Egypt crisis: More danger for protesters?
Egyptian anti-government demonstrators read after waking up from a night spent on Tahrir square.
February 8th, 2011
03:14 AM ET

Egypt crisis: More danger for protesters?

Read full coverage and examine a timeline of the unrest in Egypt updated continually by CNN reporters worldwide. Send your photos and video to iReport and see CNN in Arabic here. See also this roundup of timely, insightful views on the wave of upheaval in the Arab world.

[Update 11:33 a.m. Cairo, 4:33 a.m. ET] As protests in Egypt entered a third week Tuesday, the scene in Cairo's Tahrir Square might appear relatively calm. Cameras no longer captured images of Molotov cocktails and chunks of concrete flying through the air. But some say more danger could come.

[Update 8:53 p.m. Cairo, 1:53 p.m. ET] Google executive Wael Ghonim has been released in Egypt, the company announced. "Huge relief - Wael Ghonim has been released. Our love to him and his family," the company tweeted shortly after 8 p.m. in Cairo (1 p.m. ET). Ghonim's Twitter account, which had not had a posting since he went missing January 28, carried a tweet around the same time. "Freedom is a bless (sic) that deserves fighting for it," the tweet said, ending with the hashtag ".Jan25," a reference to the Egypt protests.

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Filed under: Egypt • Protest
soundoff (119 Responses)
  1. Sarah Palin

    Good morning. I can see Russia through my window.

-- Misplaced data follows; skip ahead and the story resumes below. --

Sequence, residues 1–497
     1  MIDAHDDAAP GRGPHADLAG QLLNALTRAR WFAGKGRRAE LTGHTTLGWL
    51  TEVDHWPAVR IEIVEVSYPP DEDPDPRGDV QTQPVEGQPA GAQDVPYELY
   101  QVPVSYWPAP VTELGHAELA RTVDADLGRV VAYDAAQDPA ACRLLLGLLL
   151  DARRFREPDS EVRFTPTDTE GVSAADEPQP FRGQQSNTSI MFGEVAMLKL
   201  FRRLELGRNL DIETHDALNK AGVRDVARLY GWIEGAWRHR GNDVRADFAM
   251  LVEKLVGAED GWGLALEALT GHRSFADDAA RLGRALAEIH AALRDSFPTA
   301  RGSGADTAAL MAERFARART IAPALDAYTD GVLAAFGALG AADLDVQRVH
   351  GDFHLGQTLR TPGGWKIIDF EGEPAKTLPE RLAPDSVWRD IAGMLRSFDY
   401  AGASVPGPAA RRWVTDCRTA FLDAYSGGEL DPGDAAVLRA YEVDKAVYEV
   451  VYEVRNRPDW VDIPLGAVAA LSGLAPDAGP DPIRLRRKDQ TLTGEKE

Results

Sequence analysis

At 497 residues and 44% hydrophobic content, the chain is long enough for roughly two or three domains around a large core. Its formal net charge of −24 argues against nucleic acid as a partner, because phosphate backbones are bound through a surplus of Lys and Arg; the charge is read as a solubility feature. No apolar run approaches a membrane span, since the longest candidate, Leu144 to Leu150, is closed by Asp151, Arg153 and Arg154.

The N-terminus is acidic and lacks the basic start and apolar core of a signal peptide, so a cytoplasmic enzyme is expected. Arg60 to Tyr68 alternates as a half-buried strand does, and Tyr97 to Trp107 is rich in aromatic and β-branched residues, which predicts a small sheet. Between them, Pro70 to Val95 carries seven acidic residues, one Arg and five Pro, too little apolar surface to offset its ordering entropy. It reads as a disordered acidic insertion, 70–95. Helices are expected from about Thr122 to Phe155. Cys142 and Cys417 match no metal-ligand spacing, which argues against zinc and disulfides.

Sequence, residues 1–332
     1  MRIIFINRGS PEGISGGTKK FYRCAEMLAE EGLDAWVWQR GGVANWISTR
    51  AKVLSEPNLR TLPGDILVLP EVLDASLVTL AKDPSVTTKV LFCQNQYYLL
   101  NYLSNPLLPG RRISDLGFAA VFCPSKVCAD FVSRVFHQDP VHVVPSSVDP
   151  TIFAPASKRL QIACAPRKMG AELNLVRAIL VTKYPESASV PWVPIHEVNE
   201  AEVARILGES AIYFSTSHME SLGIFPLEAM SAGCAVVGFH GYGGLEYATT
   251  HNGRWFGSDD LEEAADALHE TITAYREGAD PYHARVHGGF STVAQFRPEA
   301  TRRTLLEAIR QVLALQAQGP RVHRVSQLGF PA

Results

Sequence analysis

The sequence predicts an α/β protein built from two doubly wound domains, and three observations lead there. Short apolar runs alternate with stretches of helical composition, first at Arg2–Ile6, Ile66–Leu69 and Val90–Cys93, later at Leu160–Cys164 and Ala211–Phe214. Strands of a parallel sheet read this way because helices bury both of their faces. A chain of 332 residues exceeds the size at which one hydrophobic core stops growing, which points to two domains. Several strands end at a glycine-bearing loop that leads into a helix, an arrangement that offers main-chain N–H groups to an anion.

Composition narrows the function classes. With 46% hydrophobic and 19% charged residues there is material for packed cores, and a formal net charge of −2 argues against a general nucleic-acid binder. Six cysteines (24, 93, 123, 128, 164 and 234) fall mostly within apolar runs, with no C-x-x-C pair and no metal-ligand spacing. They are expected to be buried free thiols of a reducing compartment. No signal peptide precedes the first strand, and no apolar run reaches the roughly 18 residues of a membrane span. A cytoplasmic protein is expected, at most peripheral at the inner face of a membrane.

February 8, 2011 at 5:26 am | Report abuse |
  2. Barack Obama

    I wish one side or the other would finally settle this so I can chose the winning side !

    February 8, 2011 at 6:42 am | Report abuse |
    • George Bush

      Imma write a book and go back to Crawford and turn into a celeb baby!

      February 8, 2011 at 6:46 am | Report abuse |
    • Scottish Mama

      Not choosing, just dealing with whomever is in power. Patients is not your strong point, thank goodness it is OUR PRESIDENTs strong and positively one of his best atributes.

      February 8, 2011 at 12:16 pm | Report abuse |
  3. Mubarak

    I am beginning to feel stress. Guess it is time to call it quits and dip into my retirement account, or Swiss accounts-thanks U.S. taxpayers.

    February 8, 2011 at 6:54 am | Report abuse |
    • Dipupo Sobande

      I don't like you!!!

      February 8, 2011 at 2:01 pm | Report abuse |
  4. Bui C. Nelson

    Sarah, Being you can see Russia from your window,take hold of a loud-speaker and remind them that the oil below the Artic Ocean belongs to Canada, just so they do not forget and think of making plans ultimatly wasting their time and effort.

    February 8, 2011 at 6:56 am | Report abuse |
  5. Cesar

    What a big difference between Iran and Egypt. That Westernized Google executive, Wael Ghonim was released. In Iran, he would have been executed, regardless of the protesters. I hope the next Egyptian ruler is no friend of Iran, doubtful, but possible.

    February 8, 2011 at 7:44 am | Report abuse |
    • Cesar

      You got that right Phunnie boy,only the difference being that while the anti-Mubarak protests in Egypt are spontaneous,the Anti-Ahmedinejad protests in Iran were foreign orchestrated by the C.I.A.,the British M-6 and quite possibly the Israeli Mossad. That's the difference.